Phillip Trelford's Array

POKE 36879,255


Press a key to hear a note:

GAFBB should sound familiar to fans of 70s sci-fi.

I wanted to programmatically generate sound effects for a retro game I’m working on. Generating wave files using F# turned out to be less than 30 lines of code:

open System.IO

/// Write WAVE PCM soundfile (8KHz Mono 8-bit)
let write stream (data:byte[]) =
    use writer = new BinaryWriter(stream)
    // RIFF
    let size = 36 + data.Length in writer.Write(size)
    // fmt
    writer.Write("fmt "B)
    let headerSize = 16 in writer.Write(headerSize)
    let pcmFormat = 1s in writer.Write(pcmFormat)
    let mono = 1s in writer.Write(mono)
    let sampleRate = 8000 in writer.Write(sampleRate)
    let byteRate = sampleRate in writer.Write(byteRate)
    let blockAlign = 1s in writer.Write(blockAlign)
    let bitsPerSample = 8s in writer.Write(bitsPerSample)
    // data

let sample x = (x + 1.)/2. * 255. |> byte 

let data = Array.init 16000 (fun i -> sin (float i/float 8) |> sample)
let stream = File.Create(@"C:\tone.wav")
write stream data

F#’s ASCII string support and light syntax, combined with .Net’s convenient BinaryWriter class made this ridiculously easy.

Then just for fun I created the simple keyboard in 70 lines of code:

namespace MonoKeys

open System
open System.Windows
open System.Windows.Controls
open Microsoft.Xna.Framework.Audio

type App() as this = 
    inherit Application()

    let sampleRate = 8000

    let sample x = x * 32767. |> int16

    let toBytes (xs:int16[]) =
        let bytes = Array.CreateInstance(typeof<byte>, 2 * xs.Length)
        Buffer.BlockCopy(xs, 0, bytes, 0, 2 * xs.Length)
        bytes :?> byte[]

    let create freq =
        let samples = 12000
        let sine i = sin (Math.PI * 2. * float i / float sampleRate * freq)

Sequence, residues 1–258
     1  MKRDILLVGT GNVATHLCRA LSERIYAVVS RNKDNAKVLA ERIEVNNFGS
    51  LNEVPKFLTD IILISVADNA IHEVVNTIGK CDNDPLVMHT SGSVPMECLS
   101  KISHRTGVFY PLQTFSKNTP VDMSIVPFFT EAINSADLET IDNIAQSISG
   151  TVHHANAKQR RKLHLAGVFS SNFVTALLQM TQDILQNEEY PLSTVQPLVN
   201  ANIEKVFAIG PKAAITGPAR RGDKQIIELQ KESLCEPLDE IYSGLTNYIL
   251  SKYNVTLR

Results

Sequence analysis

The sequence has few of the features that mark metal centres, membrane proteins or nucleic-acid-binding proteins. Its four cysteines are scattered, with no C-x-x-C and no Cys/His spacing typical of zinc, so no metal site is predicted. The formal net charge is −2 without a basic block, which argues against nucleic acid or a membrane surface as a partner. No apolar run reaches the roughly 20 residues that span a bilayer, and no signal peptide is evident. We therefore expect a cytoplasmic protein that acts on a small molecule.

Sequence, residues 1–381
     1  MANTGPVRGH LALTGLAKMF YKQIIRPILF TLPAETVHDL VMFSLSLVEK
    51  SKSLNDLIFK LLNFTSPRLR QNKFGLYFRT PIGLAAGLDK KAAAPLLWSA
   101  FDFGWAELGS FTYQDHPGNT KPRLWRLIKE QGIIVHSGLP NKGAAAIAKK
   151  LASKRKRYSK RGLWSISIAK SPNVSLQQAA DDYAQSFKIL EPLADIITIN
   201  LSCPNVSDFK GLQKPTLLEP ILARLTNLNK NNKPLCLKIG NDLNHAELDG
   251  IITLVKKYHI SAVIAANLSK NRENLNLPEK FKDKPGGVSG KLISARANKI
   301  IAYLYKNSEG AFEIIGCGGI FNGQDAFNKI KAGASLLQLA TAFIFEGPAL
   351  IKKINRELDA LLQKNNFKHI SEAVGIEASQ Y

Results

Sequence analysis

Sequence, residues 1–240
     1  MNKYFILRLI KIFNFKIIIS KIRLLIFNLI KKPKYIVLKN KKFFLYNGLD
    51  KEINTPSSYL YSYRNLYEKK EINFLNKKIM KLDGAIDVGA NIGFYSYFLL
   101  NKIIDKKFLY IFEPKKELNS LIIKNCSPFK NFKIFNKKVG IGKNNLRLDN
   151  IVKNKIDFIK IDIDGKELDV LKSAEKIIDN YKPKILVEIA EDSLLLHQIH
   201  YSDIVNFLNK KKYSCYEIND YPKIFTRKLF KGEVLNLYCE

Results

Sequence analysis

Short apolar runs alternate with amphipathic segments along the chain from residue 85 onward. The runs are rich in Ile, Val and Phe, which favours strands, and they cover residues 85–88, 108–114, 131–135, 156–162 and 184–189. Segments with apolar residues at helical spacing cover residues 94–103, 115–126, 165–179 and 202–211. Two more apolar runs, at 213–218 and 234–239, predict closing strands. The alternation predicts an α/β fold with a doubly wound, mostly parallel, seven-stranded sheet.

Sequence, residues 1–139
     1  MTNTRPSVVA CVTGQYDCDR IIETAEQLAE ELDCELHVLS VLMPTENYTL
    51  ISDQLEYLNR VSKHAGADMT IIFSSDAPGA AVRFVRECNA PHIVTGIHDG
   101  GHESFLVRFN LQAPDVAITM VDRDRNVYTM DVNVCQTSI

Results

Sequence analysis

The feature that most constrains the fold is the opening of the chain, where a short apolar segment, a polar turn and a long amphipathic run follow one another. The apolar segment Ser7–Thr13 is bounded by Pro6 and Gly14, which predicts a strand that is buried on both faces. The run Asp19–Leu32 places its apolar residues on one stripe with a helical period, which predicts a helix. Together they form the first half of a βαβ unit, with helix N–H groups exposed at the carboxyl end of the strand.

let fadeOut i = float (samples-i) / float samples
        Array.init samples (fun i -> sine i * fadeOut i |> sample)
        |> toBytes

    let play freq =        
        let bytes = create freq
        let effect = new SoundEffect(bytes, sampleRate, AudioChannels.Mono)
        effect.Play() |> ignore
    let notes = [
        "A", 220.00
        "A#", 233.08
        "B", 246.94
        "C", 261.63
        "C#", 277.18
        "D", 293.66
        "D#", 311.13
        "E", 329.63
        "F", 349.23
        "F#", 369.99
        "G", 392.00
        "G#", 415.30
        "A", 440.00
        "A#", 466.16
        "B", 493.88
        "C", 523.25
        "C#", 554.37
        "D", 587.33]

    let keys =
        notes |> (fun (text,freq) ->
            let key = Button(Content=text)
            key.Click.Add(fun _ -> play freq)

    let grid = Grid()
    do  keys |> Seq.iteri (fun i key ->
            grid.Children.Add key

    do  this.Startup.AddHandler(fun o e -> this.RootVisual <- grid)

This time Silverlight 5’s SoundEffect class makes generating sounds easy accepting an array of bytes. I simply copied the notes from the web, formatted the text as tuples and mapped them to buttons that showed the text and played a note of the specified frequency. The keys were then laid out on a grid. Look no XAML ;)

Next I’m planning to add some more features to generate sounds like a synthesizer maybe one day like my monotribe

If you’re interested in programming and sound I’d recommend taking a look at Sam Aaron’s Overtone for Clojure and Rob Pickering’s Undertone for F#.

Rob will be running a session on Undertone at this year’s Progressive F# Tutorials in London:


Comments (3) -

  • mike

    6/5/2013 6:17:28 AM |

    I think it should be GAFAC Smile

  • Anthony

    7/12/2013 12:44:00 PM |

    Actually, it's GAF4F3C

    "Start with the tone…Up a full tone…down a major third…Now drop an octave…Up a perfect fifth."

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